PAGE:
Prince Dimitry and Prince Wassily cast lots to see who should take the princess and who the horse with the golden mane and the glowing bird. The princess fell to Prince Wassily and the horse and the bird to Prince Dimitry. Prince Wassily took Helen on his horse and Prince Dimitry took the glowing bird and the horse with the golden mane and both rode swiftly to the palace of their father, king Wyslaff.
The king rejoiced greatly to see them. To Prince Dimitry, since he had brought him the glowing bird, he gave the half of his kingdom, and he made a festival which lasted a whole month. At the end of the month Prince Wassily was to wed Princess Helen.
As for Ivan, dead and cut into pieces, he lay on the green plain for thirty days. And on the thirty-first day it chanced that the grey wolf passed that way. He knew at once by his keen scent that the body was that of Prince Ivan. While he sat grieving for his friend, there came flying an iron-beaked she-crow with two fledglings. They would have alighted on the ground and would have eaten of the flesh, if the wolf had not leaped up and seized one of the young birds.
Then the mother crow, flying to a little distance, said to him: "Grey wolf! Do not devour my little child, since it has in no way harmed you."
And the grey wolf answered: "Listen, crow! Do something for me, and I will not harm your fledgling. I have heard that in a kingdom across twenty-seven countries, there are two springs that are so difficult to get to that only birds can get to them. One of the springs gushes forth water of death, and the other water of life. Bring to me two bottles of these waters, and I will let your fledgling go safe and sound. But if you do not, then I will tear it in pieces and eat it."
"I will indeed do you this service, grey wolf," said the crow, "if only you don't harm my child," and at once flew away as swiftly as an arrow.
The grey wolf waited one day, he waited two days, he waited three days, and on the fourth day the she-crow came flying with two little bottles of water in her beak.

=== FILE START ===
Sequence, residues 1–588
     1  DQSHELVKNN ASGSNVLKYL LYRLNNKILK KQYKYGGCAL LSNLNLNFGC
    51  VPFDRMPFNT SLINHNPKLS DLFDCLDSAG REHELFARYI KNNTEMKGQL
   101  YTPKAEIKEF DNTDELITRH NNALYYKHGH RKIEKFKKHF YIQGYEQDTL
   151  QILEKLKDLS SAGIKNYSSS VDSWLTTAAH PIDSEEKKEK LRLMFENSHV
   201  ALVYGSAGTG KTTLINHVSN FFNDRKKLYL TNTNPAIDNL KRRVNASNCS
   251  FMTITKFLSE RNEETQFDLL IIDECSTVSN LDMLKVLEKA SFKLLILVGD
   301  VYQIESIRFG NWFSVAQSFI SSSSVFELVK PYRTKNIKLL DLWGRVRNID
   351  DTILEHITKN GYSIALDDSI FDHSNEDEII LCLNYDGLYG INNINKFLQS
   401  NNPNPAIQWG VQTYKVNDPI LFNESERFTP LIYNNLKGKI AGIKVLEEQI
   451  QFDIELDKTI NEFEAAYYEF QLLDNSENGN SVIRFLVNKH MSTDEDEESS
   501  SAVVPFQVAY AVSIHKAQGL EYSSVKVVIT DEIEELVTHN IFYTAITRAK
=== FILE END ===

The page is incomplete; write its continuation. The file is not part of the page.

The grey wolf tore the fledgling into pieces. He sprinkled the pieces with the water of death and they instantly grew together; he sprinkled the dead body with the water of life and the fledgling shook itself and flew away with the she-crow, safe and sound. The grey wolf then sprinkled the pieces of the body of Ivan with the water of death and they grew together; he sprinkled the dead body with the water of life, and Ivan stood up, stretched himself and said: "How long I must have slept!"
"Yes, Ivan," the grey wolf said, "and you would have slept forever had it not been for me. For your brothers cut you into pieces and took away with them the beautiful princess, the horse with the golden mane and the glowing bird. Make haste now and mount on my back, for your brother Prince Wassily is to wed your Lovely Helen this very day."
Ivan made haste to mount, and the grey wolf began running, swifter than a hundred horses, toward the palace of King Wyslaff.
Whether the way was long or short, he came soon to the city, and there at the gate the grey wolf stopped. "Get down now, Ivan," he said. "I am no longer a servant of yours and you shall see me no more, but sometimes remember the journeys you have made on the back of the grey wolf."
Ivan got down, and having bid the wolf farewell with tears, entered the city and went at once to the palace, where Prince Wassily was even then being wed to Lovely Helen.
He entered the splendid rooms and came where they sat at table, and as soon as Princess Helen saw him, she sprang up from the table and kissed him on the mouth, crying: "This is my beloved, Ivan, who shall wed me, and not this wicked one, Prince Wassily, who sits with me at table!"
King Wyslaff rose up and questioned Helen and she related to him the whole: how Ivan had won her, and the horse with the golden mane and the glowing bird, and how his two elder brothers had slain him as he lay asleep and had threatened her with death so that she should say what they bade.
On hearing of it all, King Wyslaff was seized with great rage. He commanded that the princes Dimitry and Wassily were to be seized and thrown into prison, and Ivan, that same day, was wed to the lovely Helen. The king made a great feast and all the people drank wine and mead till it ran down their beards, and the festival lasted many days till there was no one hungry or thirsty in the whole kingdom.
And when the rejoicing was ended, one of the elder brothers was made a scullion and the other a cowherd, but Ivan lived always with his Helen in such harmony and love that neither of them could bear to be without the other even for a single week.
AT 531. A firebird, a magical, glowing bird from far away, appears in this tale and other Slavic folk tales too. In later works the bird is somewhat like a small peacock of fire colours, a crest on its head and tail feathers with glowing "eyes".